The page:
The Land I Came Through Last
The title of Robert Gray's memoir is from a poem by Christopher Brennan, 'The land I came thro' last was dumb with night/ a limbo of defeated glory, a ghost.'
There is more of glory than defeat, however, in this work of memory by a writer who is himself one of Australia's best-known poets.
The unrivalled ability with imagery and the expression of emotion characteristic of Gray's poetry, also distinguish his prose, in his account of his parents' painful marriage, and his own childhood, growing up on the north coast of New South Wales. The family's resilience, and the beauty of the coastal landscape, are evoked with striking economy and awareness. Beyond, the book offers the portrait of a period, told through the characters of the 'extreme people' that have influenced Gray – including his grandparents, aunts and lovers, and artists and writers such as Patrick White, Bruce Chatwin and Les Murray.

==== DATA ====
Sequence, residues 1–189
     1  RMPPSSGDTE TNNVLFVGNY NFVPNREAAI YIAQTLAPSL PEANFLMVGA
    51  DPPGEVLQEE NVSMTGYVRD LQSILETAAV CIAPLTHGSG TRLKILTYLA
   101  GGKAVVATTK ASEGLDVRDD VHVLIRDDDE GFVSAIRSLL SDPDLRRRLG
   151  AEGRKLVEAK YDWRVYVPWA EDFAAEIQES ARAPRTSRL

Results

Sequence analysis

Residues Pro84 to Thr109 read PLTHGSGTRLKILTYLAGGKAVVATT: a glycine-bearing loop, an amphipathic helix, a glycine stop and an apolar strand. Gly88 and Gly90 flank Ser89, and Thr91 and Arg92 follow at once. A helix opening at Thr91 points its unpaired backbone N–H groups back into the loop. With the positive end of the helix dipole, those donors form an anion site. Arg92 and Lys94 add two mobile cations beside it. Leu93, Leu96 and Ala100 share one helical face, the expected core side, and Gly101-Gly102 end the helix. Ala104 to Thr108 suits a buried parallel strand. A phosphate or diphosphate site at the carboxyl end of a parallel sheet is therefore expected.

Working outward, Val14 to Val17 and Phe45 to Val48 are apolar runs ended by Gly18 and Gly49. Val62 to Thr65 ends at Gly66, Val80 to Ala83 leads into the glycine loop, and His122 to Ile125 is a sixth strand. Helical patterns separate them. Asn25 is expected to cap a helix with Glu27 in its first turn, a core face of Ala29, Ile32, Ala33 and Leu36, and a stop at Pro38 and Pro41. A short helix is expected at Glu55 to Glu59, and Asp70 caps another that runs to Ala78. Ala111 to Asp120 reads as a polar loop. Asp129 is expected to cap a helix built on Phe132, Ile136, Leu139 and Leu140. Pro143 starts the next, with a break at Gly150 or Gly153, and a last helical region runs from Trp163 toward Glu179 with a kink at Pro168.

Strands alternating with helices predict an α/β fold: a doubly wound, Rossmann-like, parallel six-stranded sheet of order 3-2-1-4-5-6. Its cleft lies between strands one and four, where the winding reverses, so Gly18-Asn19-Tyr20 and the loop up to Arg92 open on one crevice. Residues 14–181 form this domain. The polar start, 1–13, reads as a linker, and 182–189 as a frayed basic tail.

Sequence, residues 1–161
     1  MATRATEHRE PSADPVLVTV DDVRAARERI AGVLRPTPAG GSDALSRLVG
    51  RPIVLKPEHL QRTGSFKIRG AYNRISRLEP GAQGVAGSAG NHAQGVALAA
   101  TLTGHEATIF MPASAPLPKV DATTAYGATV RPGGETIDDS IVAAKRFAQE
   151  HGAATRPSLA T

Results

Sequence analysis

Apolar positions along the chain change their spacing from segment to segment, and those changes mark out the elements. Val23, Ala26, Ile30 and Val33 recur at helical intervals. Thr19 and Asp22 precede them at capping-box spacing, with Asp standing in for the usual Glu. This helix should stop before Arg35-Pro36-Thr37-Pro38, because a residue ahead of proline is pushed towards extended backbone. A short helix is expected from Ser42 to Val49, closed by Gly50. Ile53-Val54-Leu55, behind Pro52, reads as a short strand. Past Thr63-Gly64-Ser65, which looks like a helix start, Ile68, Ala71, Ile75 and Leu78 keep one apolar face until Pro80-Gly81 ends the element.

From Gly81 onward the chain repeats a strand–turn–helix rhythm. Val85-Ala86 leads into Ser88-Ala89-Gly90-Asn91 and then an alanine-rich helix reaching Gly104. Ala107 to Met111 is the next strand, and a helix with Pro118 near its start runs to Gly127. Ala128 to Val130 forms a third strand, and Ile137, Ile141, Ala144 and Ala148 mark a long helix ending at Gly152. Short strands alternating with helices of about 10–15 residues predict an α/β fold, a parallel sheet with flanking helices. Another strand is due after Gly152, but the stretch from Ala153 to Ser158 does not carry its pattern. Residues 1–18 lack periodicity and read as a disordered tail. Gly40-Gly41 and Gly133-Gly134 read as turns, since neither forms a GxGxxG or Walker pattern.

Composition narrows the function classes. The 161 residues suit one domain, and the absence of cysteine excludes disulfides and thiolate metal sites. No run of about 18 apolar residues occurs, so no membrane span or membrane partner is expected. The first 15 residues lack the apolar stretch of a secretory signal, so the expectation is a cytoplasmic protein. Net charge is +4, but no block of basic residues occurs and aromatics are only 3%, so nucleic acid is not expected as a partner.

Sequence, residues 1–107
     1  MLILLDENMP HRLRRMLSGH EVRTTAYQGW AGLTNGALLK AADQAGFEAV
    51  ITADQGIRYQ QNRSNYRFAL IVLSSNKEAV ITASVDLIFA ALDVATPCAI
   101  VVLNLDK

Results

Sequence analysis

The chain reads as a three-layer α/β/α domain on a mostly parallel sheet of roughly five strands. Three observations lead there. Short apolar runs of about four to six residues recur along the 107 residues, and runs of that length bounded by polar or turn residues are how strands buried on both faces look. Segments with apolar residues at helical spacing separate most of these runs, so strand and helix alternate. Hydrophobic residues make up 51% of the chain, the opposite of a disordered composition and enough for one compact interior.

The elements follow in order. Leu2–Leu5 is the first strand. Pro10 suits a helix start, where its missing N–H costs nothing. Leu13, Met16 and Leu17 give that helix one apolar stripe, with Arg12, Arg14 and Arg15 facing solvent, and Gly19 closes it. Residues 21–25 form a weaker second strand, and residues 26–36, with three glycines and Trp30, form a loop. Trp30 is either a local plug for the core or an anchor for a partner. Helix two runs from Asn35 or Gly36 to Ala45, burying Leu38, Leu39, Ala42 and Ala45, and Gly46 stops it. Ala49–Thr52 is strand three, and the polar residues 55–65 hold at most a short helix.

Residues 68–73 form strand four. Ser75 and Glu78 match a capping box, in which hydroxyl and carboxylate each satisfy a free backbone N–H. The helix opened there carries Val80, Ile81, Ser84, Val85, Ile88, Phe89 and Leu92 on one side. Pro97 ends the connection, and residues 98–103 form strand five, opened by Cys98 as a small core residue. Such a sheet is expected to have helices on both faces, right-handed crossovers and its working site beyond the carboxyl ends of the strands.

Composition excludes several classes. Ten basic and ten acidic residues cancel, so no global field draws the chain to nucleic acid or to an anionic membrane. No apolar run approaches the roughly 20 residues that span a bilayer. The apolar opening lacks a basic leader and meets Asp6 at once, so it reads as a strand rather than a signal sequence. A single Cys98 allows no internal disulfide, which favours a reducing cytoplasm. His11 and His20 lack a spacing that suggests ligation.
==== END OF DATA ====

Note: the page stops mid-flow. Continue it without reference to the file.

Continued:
This is autobiography in a lyrical style of a kind not seen in Australian writing before.